Mary Layfield Nock (1903-1987) was a politician (Democrat) who served in the Maryland State Legislature from 1947 through 1974. Nock was an advocate for women's issues, higher education, and the use of television as an educational tool. In addition to serving on various councils, committees, and commissions, Nock was also an honorary member of Soroptimists International, the Maryland Congress of Parents and Teachers, the Delta Kappa Gamma Society, and many others. During her tenure, Mary Nock interacted with such notable figures as John F. Kennedy, Hubert H. Humphrey, George McGovern, and several of Maryland's governors. The collection consists of materials related to her political career, including speeches and addresses, correspondence, clippings, a brochure, a newsletter, and a certificate from the 1960 Democratic National Convention.
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The Papers of Mary L. Nock span the years 1959 to 1974 and consist entirely of materials related to her political career, including speeches and addresses, correspondence, clippings, a brochure, a newsletter, and a certificate. Subjects include education, the political process, and women's issues. Correspondents include John F. Kennedy, Hubert H. Humphrey, and George McGovern.
Mary Layfield Nock was a politician who served in the Maryland State Legislature from 1947 through 1974. She was born on September 4, 1903, in Green Hill, Wicomico County, Maryland. At the age of four she and her family moved nearby to the town of Quantico. She later attended one of the branches of Beacom Business College (now Goldey-Beacom College) in Salisbury, Maryland. On April 11, 1925, she married Garland Nock, a Salisbury construction official.
After graduation, Nock's active involvement in politics began in the mid-1920s when she took over her Aunt Ola's job as secretary for David J. Ward, a Wicomico County businessman. Nock continued to work as Ward's secretary when he became a Maryland State Senator (1926 through 1934 and 1938 through 1939) and then U. S. Representative from Maryland (1939 through 1945) and traveled with him to work in Washington, D. C. and in Annapolis, Maryland for several days a week. According to Nock, she "went to Washington… every Monday morning…[and] return[ed] to Salisbury by bus on Wednesday evening to keep [Ward's] Salisbury office open on Thursday, Friday, and Saturday" (It was a Joy and a Pleasure, 13). After Ward lost his bid for re-election in 1944, Nock returned home to Wicomico County.
In 1946, she ran successfully for a seat in the Maryland House of Delegates. Nock was the first woman from Wicomico County to be elected to the Maryland General Assembly and remained in office until 1955. Then, from 1955 to 1974, she served in the Maryland Senate. During her tenure in the legislature, Nock interacted with several of Maryland's governors including William Preston Lane, Jr., Theodore R. McKeldin, J. Millard Tawes, Spiro T. Agnew, and Marvin Mandel. She was an advocate for women's issues, higher education, and the use of television as an educational tool. She served on various councils, committees, and commissions, including the Southern Regional Education Board, the Education Commission of the States, and the National Conference of Legislative Leaders. She was an honorary member of the Soroptimists International, the Maryland Congress of Parents and Teachers, the Delta Kappa Gamma Society, and many others. In 1979, Nock wrote and published It Was a Joy and a Pleasure, a narrative of her life experiences.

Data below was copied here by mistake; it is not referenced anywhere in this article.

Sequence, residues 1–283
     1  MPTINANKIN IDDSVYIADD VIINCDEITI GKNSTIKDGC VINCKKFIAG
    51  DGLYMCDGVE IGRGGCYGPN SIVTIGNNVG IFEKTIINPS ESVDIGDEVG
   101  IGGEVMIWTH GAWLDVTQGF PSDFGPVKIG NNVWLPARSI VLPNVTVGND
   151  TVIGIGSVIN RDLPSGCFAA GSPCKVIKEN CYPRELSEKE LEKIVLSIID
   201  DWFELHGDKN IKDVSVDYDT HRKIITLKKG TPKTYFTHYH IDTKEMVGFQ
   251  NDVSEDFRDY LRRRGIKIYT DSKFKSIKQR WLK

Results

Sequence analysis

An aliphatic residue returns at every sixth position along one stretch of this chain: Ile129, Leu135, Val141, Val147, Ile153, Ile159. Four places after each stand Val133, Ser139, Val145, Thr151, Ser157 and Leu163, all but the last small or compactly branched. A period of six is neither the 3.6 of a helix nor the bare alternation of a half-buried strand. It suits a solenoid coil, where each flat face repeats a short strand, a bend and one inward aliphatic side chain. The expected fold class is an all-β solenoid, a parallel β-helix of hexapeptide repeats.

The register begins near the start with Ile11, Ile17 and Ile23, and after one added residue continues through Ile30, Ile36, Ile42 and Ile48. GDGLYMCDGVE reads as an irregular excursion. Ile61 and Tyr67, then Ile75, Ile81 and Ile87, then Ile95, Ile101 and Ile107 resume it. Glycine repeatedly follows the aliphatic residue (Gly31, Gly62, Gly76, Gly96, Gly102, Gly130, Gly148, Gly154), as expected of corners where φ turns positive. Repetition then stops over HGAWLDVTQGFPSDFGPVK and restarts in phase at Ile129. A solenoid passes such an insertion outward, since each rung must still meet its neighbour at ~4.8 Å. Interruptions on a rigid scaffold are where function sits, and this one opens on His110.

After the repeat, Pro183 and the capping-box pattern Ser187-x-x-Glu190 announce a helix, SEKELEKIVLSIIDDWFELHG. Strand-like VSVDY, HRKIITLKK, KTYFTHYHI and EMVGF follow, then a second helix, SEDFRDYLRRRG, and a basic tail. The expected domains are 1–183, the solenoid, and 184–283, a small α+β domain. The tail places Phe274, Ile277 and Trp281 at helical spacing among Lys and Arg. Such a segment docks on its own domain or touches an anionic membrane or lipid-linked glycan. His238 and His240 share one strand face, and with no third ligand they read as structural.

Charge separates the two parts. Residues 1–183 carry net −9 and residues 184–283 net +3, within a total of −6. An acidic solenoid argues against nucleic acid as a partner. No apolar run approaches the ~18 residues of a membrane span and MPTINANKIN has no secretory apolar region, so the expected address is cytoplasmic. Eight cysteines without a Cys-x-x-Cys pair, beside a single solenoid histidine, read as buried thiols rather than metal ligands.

After sixty-two years of marriage, Mary Nock died on May 20, 1987, at the age of eighty-three. She and Garland did not have children.
This collection is organized into two series: Speeches and Addresses, 1964-1972; and Political Career, 1959-1974.
Mary L. Nock donated her papers to the University of Maryland Libraries on March 11, 1975.
The speeches and addresses, correspondence, and printed matter were arranged chronologically and placed in acid free folders and boxes. The 1960 Democratic National Convention certificate was removed, unfolded, placed in an acid-free folder, and stored in a mapcase. Both newspaper clippings were photocopied onto acid-free paper. Staples were removed from all documents and replaced with plastic clips.